Decline and demise

There is very little information about the decline of the religion. The edict of Theodosius I in 394 made paganism illegal. Official recognition of Mithras in the army stopped at this time, but we have no information on what other effect the edict had. Mithraism may have survived in certain remote cantons of the Alps and Vosges into the fifth century.


Sites of interest relating to the Mystery of Mithras include:

Mithraism and Christianity

Evaluation of the relationship of early Christianity with Mithraism has traditionally been based on the polemical testimonies of the 2nd century Church fathers, such as Justin's accusations that the Mithraists were diabolically imitating the Christians. This led to a picture of rivalry between the two religions, which Ernest Renan summarized in his 1882 The Origins of Christianity by saying "if the growth of Christianity had been arrested by some mortal malady, the world would have been Mithraic." This characterization of Mithraism and Christianity as "deadly rivals" became mainstream in the early 20th century with Cumont's endorsement, but was later criticized as too sweeping. Martin (1989) characterizes the rivalry between 3rd century Mithraism and Christianity in Rome as primarily one for real estate in the public areas of urban Rome.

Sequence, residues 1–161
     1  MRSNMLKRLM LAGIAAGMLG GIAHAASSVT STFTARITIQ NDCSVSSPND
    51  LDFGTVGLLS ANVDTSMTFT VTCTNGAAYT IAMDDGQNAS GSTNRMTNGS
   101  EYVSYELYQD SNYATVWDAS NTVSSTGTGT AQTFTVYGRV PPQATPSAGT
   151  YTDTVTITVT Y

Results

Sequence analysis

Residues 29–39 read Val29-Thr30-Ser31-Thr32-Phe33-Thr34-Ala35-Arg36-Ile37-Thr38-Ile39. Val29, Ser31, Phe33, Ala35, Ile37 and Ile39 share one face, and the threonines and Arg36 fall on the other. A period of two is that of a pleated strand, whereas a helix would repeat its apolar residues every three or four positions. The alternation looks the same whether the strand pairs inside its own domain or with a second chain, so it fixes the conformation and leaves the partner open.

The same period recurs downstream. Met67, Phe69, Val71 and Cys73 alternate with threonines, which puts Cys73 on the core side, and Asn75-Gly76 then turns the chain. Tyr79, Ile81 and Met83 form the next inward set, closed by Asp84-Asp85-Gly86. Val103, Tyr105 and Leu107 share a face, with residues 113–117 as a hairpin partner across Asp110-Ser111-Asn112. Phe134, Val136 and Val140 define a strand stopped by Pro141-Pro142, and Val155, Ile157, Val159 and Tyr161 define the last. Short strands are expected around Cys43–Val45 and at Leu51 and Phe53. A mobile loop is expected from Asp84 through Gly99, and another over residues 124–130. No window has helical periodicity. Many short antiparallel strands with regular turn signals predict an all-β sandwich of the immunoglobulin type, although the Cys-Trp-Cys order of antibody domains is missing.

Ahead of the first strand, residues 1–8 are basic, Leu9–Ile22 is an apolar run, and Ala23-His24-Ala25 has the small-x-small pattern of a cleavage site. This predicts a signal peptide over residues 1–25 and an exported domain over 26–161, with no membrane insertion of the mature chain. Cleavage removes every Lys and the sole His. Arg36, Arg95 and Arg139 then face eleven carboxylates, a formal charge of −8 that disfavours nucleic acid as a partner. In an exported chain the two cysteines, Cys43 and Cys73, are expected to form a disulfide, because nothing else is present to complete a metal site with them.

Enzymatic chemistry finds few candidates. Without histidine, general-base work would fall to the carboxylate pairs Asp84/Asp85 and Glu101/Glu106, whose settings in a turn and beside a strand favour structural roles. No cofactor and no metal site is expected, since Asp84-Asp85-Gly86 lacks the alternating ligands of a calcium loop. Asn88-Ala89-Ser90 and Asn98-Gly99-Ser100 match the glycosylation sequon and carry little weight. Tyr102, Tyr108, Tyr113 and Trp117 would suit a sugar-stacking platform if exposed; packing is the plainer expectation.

Iconographical similarities with Early Christian art

Franz Cumont was the first scholar to suggest that Early Christian art had borrowed iconographic themes from Mithraism, pointing out that Mithraic images of the Heavens, the Earth, the Ocean, the Sun, the Moon, the Planets, signs of the Zodiac, the Winds, the Seasons, and the Elements are found on Christian sarcophagi, mosaics, and miniatures from the third to the fifth centuries. According to Cumont the Church was opposed to the pagan practice of worshipping the cosmic cycle, but these images were nevertheless incorporated into Christian artworks, in which "a few alterations in costume and attitude transformed a pagan scene into a Christian picture".